Katy and Clover go to boarding school where they make friends and have all sorts of adventures that only boarding school girls can have. (It is an episodic novel.) There are lots of funny stories about how school rules get broken and what it's like to live on the same floor as a strict teacher. A whole chapter is devoted to a wonderful game called "WORD AND QUESTION". It is my favorite chapter of the book, since it is full of funny poems and funny situations. (Word and Question is also one of my favorite games to play.) Another chapter is all about the S.S.U.C., a club of which Katy is president. The acrostic unbelievably stands for "Society for Suppression of Unladylike Conduct"--for Katy, Clover and all the members are determined to be as ladylike and proper as possible.
Some people despair that Katy, who was such a wonderful tomboy, finally lost herself. They say that the book influences little girls who are like Katy to be someone they are not. Personally, I think that "What Katy Did at School" is not about a girl being something she is not. In fact, Katy is extremely self-possessed. I believe that the books "What Katy Did" and "What Katy Did in School", when taken together, teach little girls that it is okay to be wild and free--but it is also okay to be ladylike. Anyone who says that Katy stopped having fun in this book has never read it, was never really a girl, or just has a personal bias against boarding schools.
Dr. Carr (Katy's father) and the two very sad sisters, go off together to the train which would take them to Hillsover, the name of the boarding school. At the train, Katy, Clover, and Dr. Carr meets Mr. and Mrs. Page and the "bubbly" Lilly. Lilly is very snobbish and spoiled but the two Carr sisters listens to Lilly's opinion about Hillsover, and they decide that they half like and half dislike it.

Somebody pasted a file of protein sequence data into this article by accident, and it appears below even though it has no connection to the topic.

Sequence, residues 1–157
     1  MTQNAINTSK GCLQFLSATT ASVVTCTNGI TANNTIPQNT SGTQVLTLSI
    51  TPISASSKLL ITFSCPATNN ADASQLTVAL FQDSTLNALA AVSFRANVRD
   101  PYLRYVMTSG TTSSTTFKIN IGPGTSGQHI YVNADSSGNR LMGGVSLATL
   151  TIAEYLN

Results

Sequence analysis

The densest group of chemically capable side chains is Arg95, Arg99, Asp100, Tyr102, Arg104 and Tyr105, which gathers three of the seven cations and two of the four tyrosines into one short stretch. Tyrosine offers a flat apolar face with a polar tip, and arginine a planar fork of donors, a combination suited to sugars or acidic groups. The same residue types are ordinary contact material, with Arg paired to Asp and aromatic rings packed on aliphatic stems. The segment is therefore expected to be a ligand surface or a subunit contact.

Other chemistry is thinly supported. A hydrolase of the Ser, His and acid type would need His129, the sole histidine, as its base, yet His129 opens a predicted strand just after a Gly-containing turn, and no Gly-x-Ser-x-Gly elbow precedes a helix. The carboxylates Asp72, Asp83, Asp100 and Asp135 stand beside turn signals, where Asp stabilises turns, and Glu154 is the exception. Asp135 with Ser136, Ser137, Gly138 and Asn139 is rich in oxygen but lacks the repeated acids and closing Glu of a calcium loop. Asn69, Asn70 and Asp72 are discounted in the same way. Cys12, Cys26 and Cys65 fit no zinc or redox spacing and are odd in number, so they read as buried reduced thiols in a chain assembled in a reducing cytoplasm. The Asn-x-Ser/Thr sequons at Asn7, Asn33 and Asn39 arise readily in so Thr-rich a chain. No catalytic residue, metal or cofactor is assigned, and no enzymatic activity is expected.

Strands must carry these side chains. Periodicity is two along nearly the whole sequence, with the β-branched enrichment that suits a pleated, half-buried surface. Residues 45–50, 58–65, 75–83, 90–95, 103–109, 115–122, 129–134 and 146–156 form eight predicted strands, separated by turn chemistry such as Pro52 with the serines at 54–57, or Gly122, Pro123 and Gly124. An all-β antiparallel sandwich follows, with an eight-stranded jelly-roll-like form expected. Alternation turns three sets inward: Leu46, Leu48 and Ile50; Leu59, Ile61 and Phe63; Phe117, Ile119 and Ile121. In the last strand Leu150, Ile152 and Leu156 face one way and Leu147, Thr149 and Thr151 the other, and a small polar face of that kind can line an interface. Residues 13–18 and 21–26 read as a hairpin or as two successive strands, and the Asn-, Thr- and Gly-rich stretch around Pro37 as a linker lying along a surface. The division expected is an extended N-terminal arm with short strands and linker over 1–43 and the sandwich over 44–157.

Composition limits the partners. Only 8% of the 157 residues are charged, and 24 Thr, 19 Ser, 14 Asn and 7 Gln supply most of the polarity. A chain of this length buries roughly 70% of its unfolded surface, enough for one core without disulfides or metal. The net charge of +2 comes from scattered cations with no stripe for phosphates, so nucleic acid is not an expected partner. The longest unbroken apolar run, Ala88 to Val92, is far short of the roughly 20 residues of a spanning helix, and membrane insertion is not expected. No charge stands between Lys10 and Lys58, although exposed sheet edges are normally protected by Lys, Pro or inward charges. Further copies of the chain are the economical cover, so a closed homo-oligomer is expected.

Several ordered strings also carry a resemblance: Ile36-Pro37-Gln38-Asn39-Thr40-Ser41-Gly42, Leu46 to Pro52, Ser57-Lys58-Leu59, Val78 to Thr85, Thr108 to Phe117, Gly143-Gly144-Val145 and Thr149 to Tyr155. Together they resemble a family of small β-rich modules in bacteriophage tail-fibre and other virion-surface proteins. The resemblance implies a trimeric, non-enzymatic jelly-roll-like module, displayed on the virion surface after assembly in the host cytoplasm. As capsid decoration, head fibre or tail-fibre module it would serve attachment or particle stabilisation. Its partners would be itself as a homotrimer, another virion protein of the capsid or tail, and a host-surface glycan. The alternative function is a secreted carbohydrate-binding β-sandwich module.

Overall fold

After some time of traveling, Katy, Clover, Lilly, and Dr. Carr reach Hillsover. Katy and Clover are allowed to spend one night with Dr. Carr in another Hotel and after they meet a very strange but interesting girl called Rosy Red, they start thinking that Hillsover will be pretty interesting after all. But they are horrified that they have to share a washroom with other girls and Dr. Carr, noting this, buys a washroom for them, very much relieving the sisters' terror. They meet all the girls and starts getting used to the flow of Hillsover. All the girls dislike Miss Jane, a missionary's apprentice, who has a verry sharp tongue and makes many strict rules, and another teacher, Miss Nipson, who does not have a good judgement over the girls. But the students are very respectful and rather afraid of another teacher, named Miss Florence.Read more ›
Naturally, a part of my strongly positive reaction was nostalgia, but nevertheless this is a beautifully written story, both moving and humorous, full of imaginative magic and the cosy warmth of a loving home at the same time. The characters are lovable and memorable - is there a girl who couldn't identify herself with the clumsy, unfortunate Katy or admire the saint-like, yet fully human cousin Helen?
At the risk of sounding like a walking cliche, I must say that they just don't write books like this any longer: clean, wholesome and still totally satisfying and entertaining. But even if the whole world ran after the latest shock values, I would always be coming back to books like these - books for a girl who loves to read.